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Hays County Commissioners implement indefinite hiring freeze

Thursday, March 10, 2011 by Michael Kanin

The Hays County Commissioners Court has implemented an indefinite hiring freeze on pending county positions, also putting a halt to promotions and interdepartmental transfers. Employment offers made by March 8 will not be affected.


Court members did, however, leave room for Hays department heads to bring any vacancies back for their approval. That will remain as a standing item on the court’s weekly agenda.


Though the commissioners have asked some elected officials, such as the county sheriff, to comply with the new rule, their participation is not mandatory. The court, which unanimously passed the measure, did not vote on when it would end.


The hiring freeze went in to effect on Wednesday. At that time, there were 30 open positions that would be subject to the stoppage. If they all go unfilled, the court would save roughly $820,000. All of the affected jobs were included in the county’s fiscal year 2011 budget.


“It’s hard times out there,” Pct. 2 Commissioner Mark Jones told In Fact Daily. “We just want to make sure that we’re using those budgets wisely.”


The issue was brought to the court by County Judge Bert Cobb. “While our budgets and positions are set for each year in the fall, we as a Court want to take this opportunity to prioritize our costs and our departmental needs for the upcoming budget year. Although Hays County has fared better than some others due to our general conservative approach to finances, we’re aware that the overall economic situation has improved only minimally and we want to prepare ourselves for another tight budget year. By having these requests come before the Court we’ll have a better understanding of the county’s critical personnel needs.”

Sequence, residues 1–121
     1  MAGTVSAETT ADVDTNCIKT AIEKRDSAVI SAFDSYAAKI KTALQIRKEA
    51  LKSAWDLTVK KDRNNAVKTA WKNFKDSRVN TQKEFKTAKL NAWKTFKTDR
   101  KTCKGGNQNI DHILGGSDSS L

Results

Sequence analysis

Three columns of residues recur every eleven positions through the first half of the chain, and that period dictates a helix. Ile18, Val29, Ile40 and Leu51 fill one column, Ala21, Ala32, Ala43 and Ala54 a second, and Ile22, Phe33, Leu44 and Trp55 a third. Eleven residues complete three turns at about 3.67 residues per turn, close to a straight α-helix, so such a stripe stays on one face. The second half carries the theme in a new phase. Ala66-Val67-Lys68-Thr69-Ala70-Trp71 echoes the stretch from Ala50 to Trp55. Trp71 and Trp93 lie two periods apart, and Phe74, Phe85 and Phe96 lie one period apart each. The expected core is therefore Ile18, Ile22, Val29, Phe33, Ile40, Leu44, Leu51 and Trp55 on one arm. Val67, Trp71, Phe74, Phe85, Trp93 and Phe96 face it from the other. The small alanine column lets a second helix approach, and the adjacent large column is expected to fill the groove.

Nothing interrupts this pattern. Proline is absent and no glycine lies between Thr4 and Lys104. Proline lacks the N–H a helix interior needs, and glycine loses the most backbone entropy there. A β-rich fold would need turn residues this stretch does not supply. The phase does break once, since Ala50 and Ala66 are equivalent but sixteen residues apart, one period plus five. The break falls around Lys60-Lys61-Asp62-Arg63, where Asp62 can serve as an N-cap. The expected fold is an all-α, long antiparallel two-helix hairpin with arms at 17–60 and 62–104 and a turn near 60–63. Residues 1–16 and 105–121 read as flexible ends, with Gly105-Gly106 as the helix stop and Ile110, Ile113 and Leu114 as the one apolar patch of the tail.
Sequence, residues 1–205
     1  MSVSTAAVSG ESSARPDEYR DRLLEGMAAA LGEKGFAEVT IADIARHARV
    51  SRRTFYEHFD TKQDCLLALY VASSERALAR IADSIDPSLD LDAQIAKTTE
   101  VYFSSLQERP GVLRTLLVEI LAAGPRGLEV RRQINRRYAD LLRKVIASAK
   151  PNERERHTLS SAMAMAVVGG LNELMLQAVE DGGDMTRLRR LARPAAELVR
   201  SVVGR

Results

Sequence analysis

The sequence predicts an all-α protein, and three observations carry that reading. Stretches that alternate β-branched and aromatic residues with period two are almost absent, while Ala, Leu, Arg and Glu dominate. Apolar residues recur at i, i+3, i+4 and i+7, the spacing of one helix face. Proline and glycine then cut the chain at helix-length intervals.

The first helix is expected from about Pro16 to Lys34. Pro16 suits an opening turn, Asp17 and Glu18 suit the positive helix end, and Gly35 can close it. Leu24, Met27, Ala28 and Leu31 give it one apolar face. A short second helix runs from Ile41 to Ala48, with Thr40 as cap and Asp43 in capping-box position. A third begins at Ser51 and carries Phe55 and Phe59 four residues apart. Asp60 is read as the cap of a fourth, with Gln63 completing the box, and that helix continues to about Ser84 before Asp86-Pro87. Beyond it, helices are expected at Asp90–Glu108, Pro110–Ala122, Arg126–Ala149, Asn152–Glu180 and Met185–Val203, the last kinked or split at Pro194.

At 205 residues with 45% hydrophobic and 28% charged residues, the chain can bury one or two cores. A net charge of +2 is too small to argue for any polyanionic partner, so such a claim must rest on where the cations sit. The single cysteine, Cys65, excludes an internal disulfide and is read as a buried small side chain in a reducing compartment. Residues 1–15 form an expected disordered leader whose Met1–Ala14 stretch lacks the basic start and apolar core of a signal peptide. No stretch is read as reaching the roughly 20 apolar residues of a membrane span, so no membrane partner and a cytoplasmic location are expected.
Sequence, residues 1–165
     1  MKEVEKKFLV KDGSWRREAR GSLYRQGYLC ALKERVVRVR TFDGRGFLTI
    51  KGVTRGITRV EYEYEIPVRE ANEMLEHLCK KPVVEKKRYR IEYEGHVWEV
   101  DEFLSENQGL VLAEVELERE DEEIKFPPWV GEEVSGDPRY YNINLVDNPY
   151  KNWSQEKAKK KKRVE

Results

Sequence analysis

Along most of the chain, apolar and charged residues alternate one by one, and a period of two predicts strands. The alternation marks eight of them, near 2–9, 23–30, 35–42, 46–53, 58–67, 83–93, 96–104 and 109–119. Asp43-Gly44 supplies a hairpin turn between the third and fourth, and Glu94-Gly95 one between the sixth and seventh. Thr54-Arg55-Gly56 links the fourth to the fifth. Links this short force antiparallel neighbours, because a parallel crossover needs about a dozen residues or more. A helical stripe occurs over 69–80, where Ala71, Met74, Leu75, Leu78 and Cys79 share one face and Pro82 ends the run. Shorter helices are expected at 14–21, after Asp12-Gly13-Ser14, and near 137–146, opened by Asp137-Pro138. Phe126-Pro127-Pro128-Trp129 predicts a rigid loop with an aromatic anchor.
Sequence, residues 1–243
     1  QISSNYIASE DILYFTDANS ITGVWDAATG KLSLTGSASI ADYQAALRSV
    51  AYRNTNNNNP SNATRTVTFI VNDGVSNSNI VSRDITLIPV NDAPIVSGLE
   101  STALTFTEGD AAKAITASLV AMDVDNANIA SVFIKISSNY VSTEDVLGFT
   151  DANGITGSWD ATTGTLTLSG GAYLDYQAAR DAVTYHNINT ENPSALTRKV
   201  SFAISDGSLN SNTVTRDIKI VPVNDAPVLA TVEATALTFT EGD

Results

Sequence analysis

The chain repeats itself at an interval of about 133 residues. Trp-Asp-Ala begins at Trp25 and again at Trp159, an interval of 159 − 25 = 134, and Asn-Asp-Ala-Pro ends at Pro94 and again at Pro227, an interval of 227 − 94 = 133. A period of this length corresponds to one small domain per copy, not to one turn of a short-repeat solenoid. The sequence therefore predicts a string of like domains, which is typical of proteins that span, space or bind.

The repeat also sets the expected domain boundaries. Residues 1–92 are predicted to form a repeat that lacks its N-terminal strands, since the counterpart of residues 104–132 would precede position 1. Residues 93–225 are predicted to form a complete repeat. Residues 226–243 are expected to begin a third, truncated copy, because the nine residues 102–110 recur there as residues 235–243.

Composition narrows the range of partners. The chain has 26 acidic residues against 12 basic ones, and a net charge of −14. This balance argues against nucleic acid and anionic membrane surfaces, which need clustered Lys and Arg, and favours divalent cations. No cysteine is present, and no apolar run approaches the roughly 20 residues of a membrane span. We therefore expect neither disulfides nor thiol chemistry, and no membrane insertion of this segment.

Jones, Cobb, and Pct. 4 Commissioner Ray Whisenant all took their seats after the last Hays court approved the county’s fiscal year 2011 budget.


Pct. 3 Commissioner Will Conley echoed the thoughts of his colleagues. He called their measure “a further check on being able to control our expenses.”


“Labor costs are the highest costs to any governmental jurisdiction,” he told In Fact Daily.


Conley added that he saw the freeze as a temporary effort that is designed to help preserve a positive balance for the county ledger as Hays officials move in to the fiscal year 2012 planning process. “We’re not quite sure what our valuation is going to be,” he said.


The commissioner also noted that he’d had a conversation with Hays County Sheriff Gary Cutler on Wednesday. “There was a little confusion (Tuesday) … he’s on board,” said Conley.


Cutler had told the court that he was concerned that the hiring freeze would unreasonably tie his hands on personnel moves. He did not return a call for comment.


Pct. 1 Commissioner Debbie Ingalsbe said that she wasn’t concerned that the freeze would create a loss of efficiency in county government. “With it being a standing item on our agenda every week, I believe it gives our department heads and elected officials time to determine when or what week they need to come before the court to justify the hiring of any position,” she told In Fact Daily via email.


Conley said that he would offer an item on the court’s March 22 agenda that would address six vacant sheriff’s department dispatch positions.

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